Some chipped areas can be salvaged by patching with royal icing before it's been thinned but an extra drying time is required before painting.

Another rescue maneuver for chipped areas is to trim the rim with your scissors at an angle to create a beveled edge. The amount of time you spend on this step may depend on your "customer" or recipient. Is a 3-year-old going to notice perfection? If not, don't kill yourself on the details. If the cones are too crushed, they can always be used as "Chip" from "Beauty and the Beast" or here's a wild idea,
fill them with ice cream!

I use Cutter Bee brand scissors by EK for trimming and dedicate them to food use only.

8)   Lay cone on it's side. Using a serrated knife and gentle sawing motion, trim the bottom or handle portion of the cone away just past the lower ridge line. Be sure to keep the knife perpendicular to the cone for a straight cut. The first cut around the perimeter should be more of a score with the second pass cutting the rest of the way through.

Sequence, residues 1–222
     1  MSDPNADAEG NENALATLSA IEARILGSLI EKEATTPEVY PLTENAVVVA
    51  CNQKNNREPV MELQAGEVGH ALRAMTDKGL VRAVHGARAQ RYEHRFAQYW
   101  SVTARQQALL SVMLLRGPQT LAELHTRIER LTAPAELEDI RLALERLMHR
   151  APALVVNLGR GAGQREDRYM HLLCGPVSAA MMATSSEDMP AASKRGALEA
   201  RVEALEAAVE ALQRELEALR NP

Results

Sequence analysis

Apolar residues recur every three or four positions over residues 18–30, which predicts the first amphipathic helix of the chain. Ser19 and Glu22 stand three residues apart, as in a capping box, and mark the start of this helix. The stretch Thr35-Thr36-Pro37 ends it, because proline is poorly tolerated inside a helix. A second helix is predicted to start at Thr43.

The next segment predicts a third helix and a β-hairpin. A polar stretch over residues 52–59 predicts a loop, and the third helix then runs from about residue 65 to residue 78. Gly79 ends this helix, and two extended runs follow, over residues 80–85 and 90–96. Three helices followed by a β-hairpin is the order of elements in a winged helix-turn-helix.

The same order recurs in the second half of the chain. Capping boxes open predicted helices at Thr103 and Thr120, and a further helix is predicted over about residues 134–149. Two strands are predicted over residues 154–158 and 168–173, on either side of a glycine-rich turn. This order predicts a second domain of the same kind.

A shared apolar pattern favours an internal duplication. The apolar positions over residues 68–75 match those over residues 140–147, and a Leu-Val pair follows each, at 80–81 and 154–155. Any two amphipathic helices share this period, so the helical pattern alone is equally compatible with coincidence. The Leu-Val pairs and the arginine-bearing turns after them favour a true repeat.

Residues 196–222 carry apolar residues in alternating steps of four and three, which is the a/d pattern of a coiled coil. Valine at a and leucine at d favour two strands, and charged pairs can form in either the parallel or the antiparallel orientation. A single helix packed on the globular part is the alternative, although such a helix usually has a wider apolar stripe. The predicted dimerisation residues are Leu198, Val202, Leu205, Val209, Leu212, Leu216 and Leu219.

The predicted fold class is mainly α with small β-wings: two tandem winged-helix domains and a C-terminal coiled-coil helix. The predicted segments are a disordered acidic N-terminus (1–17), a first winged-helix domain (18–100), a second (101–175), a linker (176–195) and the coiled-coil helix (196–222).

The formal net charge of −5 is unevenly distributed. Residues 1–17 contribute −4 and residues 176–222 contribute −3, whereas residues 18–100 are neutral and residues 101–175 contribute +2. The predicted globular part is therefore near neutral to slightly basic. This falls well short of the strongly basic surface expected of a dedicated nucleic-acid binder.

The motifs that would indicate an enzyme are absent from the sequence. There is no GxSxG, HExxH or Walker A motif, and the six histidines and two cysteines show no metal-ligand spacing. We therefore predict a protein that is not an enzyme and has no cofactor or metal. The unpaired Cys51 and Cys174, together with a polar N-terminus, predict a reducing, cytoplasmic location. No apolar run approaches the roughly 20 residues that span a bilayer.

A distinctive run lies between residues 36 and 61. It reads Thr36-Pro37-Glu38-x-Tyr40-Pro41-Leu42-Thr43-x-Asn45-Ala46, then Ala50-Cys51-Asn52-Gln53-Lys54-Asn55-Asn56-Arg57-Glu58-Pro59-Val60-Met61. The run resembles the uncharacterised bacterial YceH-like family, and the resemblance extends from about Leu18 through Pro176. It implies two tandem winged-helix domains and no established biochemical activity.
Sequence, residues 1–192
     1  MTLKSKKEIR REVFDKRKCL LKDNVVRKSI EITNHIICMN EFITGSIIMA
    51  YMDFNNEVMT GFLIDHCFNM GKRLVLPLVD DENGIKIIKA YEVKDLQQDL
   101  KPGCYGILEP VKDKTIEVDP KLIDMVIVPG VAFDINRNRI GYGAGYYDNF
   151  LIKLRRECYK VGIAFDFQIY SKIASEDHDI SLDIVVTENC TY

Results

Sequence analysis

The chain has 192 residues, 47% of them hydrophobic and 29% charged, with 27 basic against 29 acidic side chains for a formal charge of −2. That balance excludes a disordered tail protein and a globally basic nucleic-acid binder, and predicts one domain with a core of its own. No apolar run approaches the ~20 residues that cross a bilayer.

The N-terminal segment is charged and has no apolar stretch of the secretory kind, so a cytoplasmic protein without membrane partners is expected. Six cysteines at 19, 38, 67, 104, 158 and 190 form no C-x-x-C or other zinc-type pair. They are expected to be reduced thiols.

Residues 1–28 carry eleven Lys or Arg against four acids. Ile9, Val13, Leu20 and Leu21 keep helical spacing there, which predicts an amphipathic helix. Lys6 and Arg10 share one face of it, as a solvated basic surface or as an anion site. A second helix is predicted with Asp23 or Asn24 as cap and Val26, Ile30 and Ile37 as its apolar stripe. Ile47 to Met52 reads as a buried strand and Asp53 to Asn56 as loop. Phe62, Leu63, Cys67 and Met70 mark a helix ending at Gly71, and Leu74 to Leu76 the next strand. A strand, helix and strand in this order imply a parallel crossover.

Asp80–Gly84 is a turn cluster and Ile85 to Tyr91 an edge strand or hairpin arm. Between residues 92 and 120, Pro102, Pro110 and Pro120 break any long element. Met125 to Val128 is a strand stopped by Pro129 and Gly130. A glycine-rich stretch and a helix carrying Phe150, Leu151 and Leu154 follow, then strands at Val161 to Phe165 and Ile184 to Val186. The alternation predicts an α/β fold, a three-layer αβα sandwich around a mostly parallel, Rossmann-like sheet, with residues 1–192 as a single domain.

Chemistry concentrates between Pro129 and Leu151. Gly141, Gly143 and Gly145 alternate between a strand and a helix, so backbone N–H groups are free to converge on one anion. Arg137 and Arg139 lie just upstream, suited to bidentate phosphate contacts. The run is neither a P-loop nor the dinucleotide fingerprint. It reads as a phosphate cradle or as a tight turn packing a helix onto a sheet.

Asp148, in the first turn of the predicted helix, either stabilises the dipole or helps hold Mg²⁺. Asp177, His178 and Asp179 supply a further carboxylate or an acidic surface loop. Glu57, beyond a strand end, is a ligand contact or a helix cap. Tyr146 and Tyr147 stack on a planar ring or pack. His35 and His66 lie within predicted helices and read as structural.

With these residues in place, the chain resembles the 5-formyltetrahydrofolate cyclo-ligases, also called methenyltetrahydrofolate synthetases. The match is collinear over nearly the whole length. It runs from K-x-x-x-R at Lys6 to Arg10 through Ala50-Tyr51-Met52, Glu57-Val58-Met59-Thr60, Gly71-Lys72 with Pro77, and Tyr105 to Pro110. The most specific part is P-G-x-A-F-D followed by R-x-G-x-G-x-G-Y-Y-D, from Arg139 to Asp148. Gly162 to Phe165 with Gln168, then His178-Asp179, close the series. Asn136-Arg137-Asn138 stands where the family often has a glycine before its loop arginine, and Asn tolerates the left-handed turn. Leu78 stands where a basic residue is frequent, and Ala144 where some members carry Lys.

First round of sawing/cutting.
The knife can be slightly deeper into the surface of the cone
than shown above but not as deep as the next photo.


Second pass with knife a bit deeper into the cone.


The markings here show the approximate length of each cut before turning.

Turn the cone a little after each cut, about 8 turns in all, working
around the perimeter of the ridge rather than one cut straight down.
A paper towel both cushions the cone and catches the crumbs.
Simply shake off the towel and move on to the next cone.


Gently brush any crumbs from the trimmed cup (top of cone)  and handle (bottom of cone) parts and set aside.